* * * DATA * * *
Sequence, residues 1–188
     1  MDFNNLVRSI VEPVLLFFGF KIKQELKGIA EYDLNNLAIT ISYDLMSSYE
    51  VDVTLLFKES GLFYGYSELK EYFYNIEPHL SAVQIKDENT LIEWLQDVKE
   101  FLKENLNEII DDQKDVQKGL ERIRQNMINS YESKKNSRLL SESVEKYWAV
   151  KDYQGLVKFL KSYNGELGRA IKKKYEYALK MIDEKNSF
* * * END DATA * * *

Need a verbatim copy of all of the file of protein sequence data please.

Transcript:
Sequence, residues 1–188
     1  MDFNNLVRSI VEPVLLFFGF KIKQELKGIA EYDLNNLAIT ISYDLMSSYE
    51  VDVTLLFKES GLFYGYSELK EYFYNIEPHL SAVQIKDENT LIEWLQDVKE
   101  FLKENLNEII DDQKDVQKGL ERIRQNMINS YESKKNSRLL SESVEKYWAV
   151  KDYQGLVKFL KSYNGELGRA IKKKYEYALK MIDEKNSF